With the local and European elections on the horizon teenagers in Ireland will be watching proceedings from the outside, wondering why their voices can't be heard. A campaign is mounting to allow 16 and 17-year-olds vote, and it’s one which the Mayo Advertiser supports. At the ages of 16 and 17 you can pay taxes, get married, work full-time, leave school, or be detained at a detention centre, so why not have the right to vote?
Westport Cllr Keith Martin made an interesting point this week when he stated that 16 and 17-year-olds are constantly voting on reality TV programmes such as Big Brother, The X Factor, and You're a Star. However, they are unable to vote on the real issues that effect their lives.
There is little difference in the knowledge a 16-year-old and 18-year-old have of the political system. They all study politics now in school and while they have a forum to debate the issues and critically assess the candidates, they should be given the opportunity to have their voices heard through a vote.
Sixteen and 17-year-olds would have the support of their school to encourage them to use their vote. It would instil civic mindedness in them. Their civic, social, political education syllabus would be supplemented in the year of an election by having debates on local candidates and which candidates would best represent young people.
Once they leave school the chances are they will probably be living or studying away from home and therefore not in a position to vote on their local candidates. Most people wouldn't be interested in voting in a local election in Dublin or Limerick where they have little knowledge about the local political parties and where they probably don’t intend settling down for the rest of their lives.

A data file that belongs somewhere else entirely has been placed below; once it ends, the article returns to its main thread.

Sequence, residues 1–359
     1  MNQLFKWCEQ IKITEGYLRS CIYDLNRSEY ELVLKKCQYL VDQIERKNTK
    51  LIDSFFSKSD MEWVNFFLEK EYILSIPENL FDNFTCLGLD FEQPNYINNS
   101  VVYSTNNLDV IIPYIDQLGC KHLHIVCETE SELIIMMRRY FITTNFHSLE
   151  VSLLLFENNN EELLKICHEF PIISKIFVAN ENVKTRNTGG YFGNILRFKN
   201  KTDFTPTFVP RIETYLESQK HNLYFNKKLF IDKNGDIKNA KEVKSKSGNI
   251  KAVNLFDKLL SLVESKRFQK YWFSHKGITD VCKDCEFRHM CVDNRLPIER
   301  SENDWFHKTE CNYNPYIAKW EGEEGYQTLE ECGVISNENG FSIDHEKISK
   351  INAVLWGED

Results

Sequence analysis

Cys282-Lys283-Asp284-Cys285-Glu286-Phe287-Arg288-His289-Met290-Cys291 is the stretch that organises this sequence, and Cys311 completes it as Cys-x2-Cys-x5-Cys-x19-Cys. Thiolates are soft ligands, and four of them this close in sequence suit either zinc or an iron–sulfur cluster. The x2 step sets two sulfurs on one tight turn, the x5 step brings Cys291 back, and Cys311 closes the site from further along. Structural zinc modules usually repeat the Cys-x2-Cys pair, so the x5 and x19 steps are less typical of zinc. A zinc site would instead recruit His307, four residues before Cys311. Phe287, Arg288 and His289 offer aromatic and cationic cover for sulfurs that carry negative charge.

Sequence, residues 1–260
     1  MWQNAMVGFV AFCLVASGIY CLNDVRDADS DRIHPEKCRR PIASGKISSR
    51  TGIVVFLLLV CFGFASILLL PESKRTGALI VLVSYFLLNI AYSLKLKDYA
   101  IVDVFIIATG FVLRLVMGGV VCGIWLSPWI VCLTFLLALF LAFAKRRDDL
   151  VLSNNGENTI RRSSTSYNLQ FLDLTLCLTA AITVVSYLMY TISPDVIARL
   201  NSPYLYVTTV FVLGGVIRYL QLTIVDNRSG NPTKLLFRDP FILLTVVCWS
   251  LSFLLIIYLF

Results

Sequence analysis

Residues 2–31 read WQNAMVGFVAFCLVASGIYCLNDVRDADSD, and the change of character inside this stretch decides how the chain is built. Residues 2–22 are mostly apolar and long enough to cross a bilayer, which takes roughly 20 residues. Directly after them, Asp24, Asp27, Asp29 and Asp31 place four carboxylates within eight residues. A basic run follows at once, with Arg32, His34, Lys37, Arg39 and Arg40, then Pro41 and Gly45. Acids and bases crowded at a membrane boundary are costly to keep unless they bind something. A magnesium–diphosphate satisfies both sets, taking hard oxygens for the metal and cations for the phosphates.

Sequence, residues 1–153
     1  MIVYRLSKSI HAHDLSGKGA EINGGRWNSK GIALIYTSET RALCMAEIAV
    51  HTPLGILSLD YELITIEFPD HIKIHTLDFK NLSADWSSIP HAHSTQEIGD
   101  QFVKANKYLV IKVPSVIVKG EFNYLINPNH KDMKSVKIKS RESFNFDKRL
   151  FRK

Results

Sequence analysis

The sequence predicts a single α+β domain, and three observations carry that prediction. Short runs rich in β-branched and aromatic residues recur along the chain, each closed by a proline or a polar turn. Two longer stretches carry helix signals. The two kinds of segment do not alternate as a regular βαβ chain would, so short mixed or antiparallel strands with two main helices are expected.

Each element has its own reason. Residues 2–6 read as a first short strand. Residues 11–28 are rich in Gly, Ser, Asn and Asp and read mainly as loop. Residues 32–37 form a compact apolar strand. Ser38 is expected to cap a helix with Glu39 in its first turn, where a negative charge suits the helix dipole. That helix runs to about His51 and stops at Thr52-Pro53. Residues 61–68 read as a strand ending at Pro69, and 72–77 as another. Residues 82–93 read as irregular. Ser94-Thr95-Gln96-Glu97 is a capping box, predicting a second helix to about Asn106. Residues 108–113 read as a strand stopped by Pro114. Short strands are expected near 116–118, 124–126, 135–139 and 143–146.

Take for example nurses or teachers who have studied in Dublin or Galway and are now working in Dublin or Galway. The vast majority of those, who are probably in their early twenties now, and who may well be interested in the political system, haven't voted because they are registered to do so in Mayo and aren't interested in voting away from home.
The National Youth Council of Ireland are launching a nationwide campaign ‘Vote at 16 — A New Age in Voting’ to urge the Government to change the law. A website has been developed www.voteat16.ie which will provide information and advice for young people on the issue, while also setting out to local and national politicians and political parties why the voting age should be reduced.
Cllr Martin has welcomed this campaign and has asked the pertinent question who better to articulate young peoples’ issues than young people themselves.
The teenagers of this generation have far more knowledge of politics through programmes in secondary school and access to information via the internet. They are increasingly engaged in political and charity campaigns and they are heavily impacted on by decisions made at local and European level, particularly in the area of education. That’s the view of Cllr Martin who himself got involved in politics before he was legally old enough to vote and now sees him as one of the youngest elected representatives in Mayo.
Already a number of countries have reduced the voting age to 17 such as East Timor and Indonesia. Others such as Brazil, Cuba, Nicaragua, the Isle of Man, and the Netherlands have reduced the voting age to 16.
“At a time when the lives of young people are being severely impacted by cutbacks in education, reductions in childrens’ allowance and increases in college registration fees - they deserve to have their voices heard,” said Cllr Martin this week and we agree.
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